The neon-streaked days of roller rinks and turtlenecks, leg warmers and popped polo collars have come and gone, but you wouldn't think so listening to Michael "Touch Sensitive" Di Francesco's dazzling debut Visions. The Sydney-based DJ/producer's long-awaited LP and its lead single "Lay Down", which shot to the top of the Hype Machine charts, are as retro-gazing as they are distinctly modern, with nods to everything from nu disco to slo-mo house.

Featuring a sample lifted from 90s DJ and producer Paul Johnson's "So Much (So Much Mix)," the New Jack-kissed "Veronica" owns the dance floor. While the conversational interplay between the sexed-up couple is anything but profound, there is no denying its charms, however laughably awkward. While not everything on Visions is as instantly arresting, it is a testament to Di Francesco's talents that everything old sounds so damn fresh again.

8. Gourmet - “Delicious”

Neither Gourmet's defiantly eccentric, nine-track debut Cashmere, nor its subsequent singles, "There You Go" or "Yellow" gave any indication that the South African purveyor of "spaghetti pop" would drop one of the year's sassiest club tracks, but there you have it. The Cape Town-based artist, part of oil-slick, independent label 1991's diminutive roster, flagrantly disregards expectation on his latest outing, channeling the Scissor Sisters at their most gloriously bitchy best, Ratchet-era Shamir, and the shimmering dance-pop of UK singer-producer Joe Flory, aka Amateur Best.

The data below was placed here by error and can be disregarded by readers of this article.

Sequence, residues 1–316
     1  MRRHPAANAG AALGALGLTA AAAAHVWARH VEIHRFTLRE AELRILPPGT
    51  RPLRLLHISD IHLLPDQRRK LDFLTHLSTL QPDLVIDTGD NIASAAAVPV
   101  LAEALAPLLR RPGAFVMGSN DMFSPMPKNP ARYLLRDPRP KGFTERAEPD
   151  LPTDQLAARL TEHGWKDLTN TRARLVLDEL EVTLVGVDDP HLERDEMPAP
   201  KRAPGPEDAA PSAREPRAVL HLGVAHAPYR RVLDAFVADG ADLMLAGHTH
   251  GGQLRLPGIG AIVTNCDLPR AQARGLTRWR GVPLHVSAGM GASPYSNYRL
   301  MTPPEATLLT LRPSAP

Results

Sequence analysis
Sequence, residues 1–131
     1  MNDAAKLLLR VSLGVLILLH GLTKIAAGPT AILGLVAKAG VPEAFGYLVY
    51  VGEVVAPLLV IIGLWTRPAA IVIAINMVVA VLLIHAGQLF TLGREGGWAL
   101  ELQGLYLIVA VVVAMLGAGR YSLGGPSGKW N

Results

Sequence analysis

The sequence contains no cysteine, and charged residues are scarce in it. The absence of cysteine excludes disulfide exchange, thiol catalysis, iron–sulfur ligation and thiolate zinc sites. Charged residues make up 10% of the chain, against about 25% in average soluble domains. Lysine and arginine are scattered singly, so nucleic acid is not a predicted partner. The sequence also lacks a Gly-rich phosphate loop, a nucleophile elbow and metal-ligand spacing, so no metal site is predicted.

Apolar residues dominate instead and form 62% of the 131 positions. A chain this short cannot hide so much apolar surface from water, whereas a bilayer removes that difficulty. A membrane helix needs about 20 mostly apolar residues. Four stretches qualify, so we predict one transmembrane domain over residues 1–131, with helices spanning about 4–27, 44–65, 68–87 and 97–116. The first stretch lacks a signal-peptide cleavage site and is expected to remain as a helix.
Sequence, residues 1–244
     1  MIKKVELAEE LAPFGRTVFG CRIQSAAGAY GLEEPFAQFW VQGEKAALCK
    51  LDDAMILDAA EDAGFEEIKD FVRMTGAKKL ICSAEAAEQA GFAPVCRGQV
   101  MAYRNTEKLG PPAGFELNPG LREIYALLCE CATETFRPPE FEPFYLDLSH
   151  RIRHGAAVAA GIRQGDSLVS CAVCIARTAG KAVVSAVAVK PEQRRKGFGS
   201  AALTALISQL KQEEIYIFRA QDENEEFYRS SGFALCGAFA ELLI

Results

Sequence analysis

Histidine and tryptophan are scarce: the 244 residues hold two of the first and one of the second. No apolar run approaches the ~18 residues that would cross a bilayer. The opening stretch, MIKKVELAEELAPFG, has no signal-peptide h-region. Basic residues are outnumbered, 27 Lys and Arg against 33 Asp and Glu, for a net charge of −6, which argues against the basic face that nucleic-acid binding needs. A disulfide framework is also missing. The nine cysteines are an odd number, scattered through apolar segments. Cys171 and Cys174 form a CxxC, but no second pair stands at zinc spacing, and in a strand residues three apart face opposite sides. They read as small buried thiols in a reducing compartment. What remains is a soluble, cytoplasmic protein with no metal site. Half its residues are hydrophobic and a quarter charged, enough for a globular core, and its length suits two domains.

With an amusingly detached delivery that rivals Ben Stein's droning roll call in Ferris Bueller's Day Off , he sings "I just want to dance, and fuck, and fly, and try, and fail, and try again…hold up," against a squelchy bass line and stabbing synths. When the percussive noise of what sounds like a triangle dinner bell appears within the mix, one can't help but think that Gourmet is simply winking at his audience, as if to say, "dinner is served."